- Continue to search the passenger lists to identify siblings, parents, and other relatives in the same or other generations who may have immigrated at the same time.
- If your ancestor has an uncommon surname, you may want to obtain the passenger list of every person who shares your ancestor’s surname if they lived in the same county or nearby. You may not know how or if they are related, but the information could lead you to more information about your own ancestors.
Unable to Find Your Ancestor?
- Check for variant spellings. Realize that the indexes may contain inaccuracies, such as altered spellings and misinterpretations.
- Look for an index. There are often indexes at the beginning of each volume. Local genealogical and historical societies often have indexes to local records.
- Search the indexes of other port cities.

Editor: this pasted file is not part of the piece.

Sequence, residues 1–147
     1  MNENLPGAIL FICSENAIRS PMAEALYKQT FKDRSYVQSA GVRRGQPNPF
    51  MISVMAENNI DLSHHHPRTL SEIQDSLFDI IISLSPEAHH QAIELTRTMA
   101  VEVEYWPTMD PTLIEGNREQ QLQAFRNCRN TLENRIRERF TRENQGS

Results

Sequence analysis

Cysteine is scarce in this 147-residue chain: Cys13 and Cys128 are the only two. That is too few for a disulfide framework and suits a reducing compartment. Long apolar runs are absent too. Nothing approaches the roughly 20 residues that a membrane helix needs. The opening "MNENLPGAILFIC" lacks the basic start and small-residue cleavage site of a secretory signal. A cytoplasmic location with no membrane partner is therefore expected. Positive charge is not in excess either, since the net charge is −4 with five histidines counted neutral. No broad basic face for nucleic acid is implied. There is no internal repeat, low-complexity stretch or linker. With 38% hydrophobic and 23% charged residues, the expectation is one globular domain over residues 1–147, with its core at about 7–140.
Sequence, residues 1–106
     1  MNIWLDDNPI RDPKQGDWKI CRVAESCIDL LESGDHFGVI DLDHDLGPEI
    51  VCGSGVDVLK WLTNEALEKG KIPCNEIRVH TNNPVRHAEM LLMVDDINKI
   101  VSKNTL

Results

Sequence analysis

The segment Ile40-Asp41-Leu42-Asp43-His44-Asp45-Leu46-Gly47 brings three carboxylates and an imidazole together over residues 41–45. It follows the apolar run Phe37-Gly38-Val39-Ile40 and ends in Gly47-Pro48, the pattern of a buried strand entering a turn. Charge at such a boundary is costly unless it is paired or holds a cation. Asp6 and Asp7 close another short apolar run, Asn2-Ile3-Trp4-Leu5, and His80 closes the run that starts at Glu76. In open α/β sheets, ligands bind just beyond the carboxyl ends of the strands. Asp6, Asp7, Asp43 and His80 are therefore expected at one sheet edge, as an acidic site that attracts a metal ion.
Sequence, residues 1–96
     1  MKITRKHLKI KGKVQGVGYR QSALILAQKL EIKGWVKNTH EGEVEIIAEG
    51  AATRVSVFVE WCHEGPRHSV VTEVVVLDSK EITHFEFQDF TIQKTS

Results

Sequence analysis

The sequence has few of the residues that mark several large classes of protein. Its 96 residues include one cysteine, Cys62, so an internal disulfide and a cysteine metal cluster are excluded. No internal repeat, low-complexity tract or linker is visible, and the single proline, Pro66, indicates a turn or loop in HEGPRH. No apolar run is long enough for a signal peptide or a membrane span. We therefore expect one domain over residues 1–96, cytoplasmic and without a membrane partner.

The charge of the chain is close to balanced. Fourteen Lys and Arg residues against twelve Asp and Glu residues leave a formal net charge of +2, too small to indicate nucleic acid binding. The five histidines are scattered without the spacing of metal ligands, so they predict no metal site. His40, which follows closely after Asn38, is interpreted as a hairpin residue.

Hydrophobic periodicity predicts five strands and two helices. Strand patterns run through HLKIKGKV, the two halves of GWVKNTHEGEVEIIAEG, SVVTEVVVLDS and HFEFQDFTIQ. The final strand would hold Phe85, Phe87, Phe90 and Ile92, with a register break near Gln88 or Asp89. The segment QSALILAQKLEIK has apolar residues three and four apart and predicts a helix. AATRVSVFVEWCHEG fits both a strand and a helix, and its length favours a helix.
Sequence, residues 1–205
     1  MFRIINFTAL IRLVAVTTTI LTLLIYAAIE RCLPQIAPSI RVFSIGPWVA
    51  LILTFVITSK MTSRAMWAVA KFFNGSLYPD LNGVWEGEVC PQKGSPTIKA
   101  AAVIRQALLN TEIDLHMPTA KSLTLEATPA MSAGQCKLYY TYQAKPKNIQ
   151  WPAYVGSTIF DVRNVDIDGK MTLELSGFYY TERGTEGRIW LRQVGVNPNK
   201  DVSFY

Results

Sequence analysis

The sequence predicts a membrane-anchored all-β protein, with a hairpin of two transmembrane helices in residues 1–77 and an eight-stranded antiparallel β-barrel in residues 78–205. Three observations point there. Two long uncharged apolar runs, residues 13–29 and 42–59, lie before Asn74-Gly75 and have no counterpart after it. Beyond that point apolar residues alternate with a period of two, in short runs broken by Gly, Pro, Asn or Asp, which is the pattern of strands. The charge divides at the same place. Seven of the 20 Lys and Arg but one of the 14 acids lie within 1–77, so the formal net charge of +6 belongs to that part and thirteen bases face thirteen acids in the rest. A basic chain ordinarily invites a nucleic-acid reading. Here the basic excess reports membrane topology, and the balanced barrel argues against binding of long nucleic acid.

Related Wiki Articles
Contributions to This Article
| We welcome user additions to FamilySearch Historical Records wiki articles. We are looking for additional information that will help readers understand the topic and better use the available records. We also need translations for collection titles and images in articles about records written in languages other than English. For specific needs, please visit WikiProject FamilySearch Records. |
Please follow these guidelines as you make changes. Thank you for any contributions you may provide.
Citing FamilySearch Historical Collections
Citations for individual image records are available for this collection. Browse through images in this collection and click on the "Show Citation" box: Maryland, Baltimore Passenger Lists, 1820-1948
When you copy information from a record, you should list where you found the information. This will help you or others to find the record again. It is also good to keep track of records where you did not find information, including the names of the people you looked for in the records.
A suggested format for keeping track of records that you have searched is found in the wiki article Help:How to Cite FamilySearch Collections.
Future Changes to the Wiki
Changes are coming to the FamilySearch Research Wiki in the near future. Find out more on the Wiki Community News page.Community News